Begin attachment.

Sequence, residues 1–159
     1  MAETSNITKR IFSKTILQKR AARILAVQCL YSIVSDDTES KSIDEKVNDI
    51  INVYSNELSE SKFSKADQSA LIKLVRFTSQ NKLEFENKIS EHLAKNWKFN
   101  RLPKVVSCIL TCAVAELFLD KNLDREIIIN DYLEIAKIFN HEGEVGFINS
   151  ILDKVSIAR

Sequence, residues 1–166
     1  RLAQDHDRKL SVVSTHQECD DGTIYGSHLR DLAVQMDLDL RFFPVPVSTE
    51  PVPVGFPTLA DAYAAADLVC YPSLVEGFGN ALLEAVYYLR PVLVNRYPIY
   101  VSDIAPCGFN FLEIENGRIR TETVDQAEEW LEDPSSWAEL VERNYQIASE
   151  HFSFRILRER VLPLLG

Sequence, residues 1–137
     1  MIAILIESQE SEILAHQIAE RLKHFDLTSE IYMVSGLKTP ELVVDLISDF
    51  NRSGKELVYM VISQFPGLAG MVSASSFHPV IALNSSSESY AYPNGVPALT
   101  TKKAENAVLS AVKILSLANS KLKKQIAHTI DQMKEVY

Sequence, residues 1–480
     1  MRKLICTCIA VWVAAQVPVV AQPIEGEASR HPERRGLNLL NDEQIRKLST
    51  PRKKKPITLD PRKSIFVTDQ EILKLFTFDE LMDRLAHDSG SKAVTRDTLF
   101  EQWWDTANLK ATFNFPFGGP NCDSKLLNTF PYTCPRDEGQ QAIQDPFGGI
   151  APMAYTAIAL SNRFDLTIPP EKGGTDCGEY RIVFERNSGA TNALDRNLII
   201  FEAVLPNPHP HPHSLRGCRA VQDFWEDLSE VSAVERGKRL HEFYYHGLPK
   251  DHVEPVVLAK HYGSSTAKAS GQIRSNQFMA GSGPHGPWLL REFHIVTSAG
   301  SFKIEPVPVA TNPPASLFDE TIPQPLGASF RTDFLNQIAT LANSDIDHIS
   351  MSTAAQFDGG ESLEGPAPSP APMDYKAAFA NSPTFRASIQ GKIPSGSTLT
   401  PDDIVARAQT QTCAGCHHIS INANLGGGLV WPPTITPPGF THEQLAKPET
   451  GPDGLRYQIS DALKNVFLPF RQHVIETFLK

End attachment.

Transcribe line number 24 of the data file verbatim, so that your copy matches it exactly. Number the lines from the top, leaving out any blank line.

   401  PDDIVARAQT QTCAGCHHIS INANLGGGLV WPPTITPPGF THEQLAKPET